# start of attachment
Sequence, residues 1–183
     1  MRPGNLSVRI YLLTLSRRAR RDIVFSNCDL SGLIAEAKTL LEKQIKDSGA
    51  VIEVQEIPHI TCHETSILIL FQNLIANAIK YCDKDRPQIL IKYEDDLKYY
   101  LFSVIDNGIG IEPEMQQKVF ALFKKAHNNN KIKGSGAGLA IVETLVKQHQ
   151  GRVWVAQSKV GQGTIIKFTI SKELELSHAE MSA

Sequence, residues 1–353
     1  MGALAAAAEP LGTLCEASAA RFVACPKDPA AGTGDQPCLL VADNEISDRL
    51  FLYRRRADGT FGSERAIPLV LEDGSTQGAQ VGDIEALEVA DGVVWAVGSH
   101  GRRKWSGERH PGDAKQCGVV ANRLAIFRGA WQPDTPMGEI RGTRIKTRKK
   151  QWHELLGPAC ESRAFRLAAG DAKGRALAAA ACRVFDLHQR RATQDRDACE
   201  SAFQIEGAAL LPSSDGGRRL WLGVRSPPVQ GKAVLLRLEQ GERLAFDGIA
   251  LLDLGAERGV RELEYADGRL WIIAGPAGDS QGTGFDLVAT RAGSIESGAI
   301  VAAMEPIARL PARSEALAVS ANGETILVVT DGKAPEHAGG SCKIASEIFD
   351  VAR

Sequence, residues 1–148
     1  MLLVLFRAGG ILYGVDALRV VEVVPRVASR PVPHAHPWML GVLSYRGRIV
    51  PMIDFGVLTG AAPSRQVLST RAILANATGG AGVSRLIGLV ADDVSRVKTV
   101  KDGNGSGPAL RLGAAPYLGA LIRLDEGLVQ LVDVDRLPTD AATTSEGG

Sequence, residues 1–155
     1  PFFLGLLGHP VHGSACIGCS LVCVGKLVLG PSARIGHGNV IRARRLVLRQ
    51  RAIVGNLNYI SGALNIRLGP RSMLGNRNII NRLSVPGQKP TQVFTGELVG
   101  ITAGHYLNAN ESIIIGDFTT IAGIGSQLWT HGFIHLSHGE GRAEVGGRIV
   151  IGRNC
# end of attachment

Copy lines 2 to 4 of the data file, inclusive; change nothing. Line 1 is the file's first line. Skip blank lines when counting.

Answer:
     1  MRPGNLSVRI YLLTLSRRAR RDIVFSNCDL SGLIAEAKTL LEKQIKDSGA
    51  VIEVQEIPHI TCHETSILIL FQNLIANAIK YCDKDRPQIL IKYEDDLKYY
   101  LFSVIDNGIG IEPEMQQKVF ALFKKAHNNN KIKGSGAGLA IVETLVKQHQ